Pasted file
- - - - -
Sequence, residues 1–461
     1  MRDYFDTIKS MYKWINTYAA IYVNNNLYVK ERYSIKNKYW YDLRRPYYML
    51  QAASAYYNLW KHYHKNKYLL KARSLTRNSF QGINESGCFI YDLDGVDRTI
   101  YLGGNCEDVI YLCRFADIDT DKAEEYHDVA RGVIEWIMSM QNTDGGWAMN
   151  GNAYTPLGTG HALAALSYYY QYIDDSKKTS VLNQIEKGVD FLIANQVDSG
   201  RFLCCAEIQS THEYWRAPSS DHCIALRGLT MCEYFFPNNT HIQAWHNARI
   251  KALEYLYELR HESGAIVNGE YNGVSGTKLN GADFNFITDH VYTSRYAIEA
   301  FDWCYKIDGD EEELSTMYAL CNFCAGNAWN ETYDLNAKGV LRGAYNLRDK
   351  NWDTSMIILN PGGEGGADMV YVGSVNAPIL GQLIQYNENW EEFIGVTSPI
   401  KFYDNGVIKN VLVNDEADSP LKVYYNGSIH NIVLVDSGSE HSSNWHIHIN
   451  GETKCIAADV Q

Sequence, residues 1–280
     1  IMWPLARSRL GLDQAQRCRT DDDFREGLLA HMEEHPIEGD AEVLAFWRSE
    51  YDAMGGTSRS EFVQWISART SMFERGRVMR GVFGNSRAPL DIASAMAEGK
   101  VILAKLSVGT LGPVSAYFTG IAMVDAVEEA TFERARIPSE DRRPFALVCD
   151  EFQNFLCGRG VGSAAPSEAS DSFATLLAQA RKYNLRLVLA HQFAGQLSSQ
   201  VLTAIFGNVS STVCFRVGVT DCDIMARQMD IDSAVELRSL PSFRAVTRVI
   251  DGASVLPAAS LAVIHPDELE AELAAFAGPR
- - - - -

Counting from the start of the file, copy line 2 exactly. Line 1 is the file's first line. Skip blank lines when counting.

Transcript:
     1  MRDYFDTIKS MYKWINTYAA IYVNNNLYVK ERYSIKNKYW YDLRRPYYML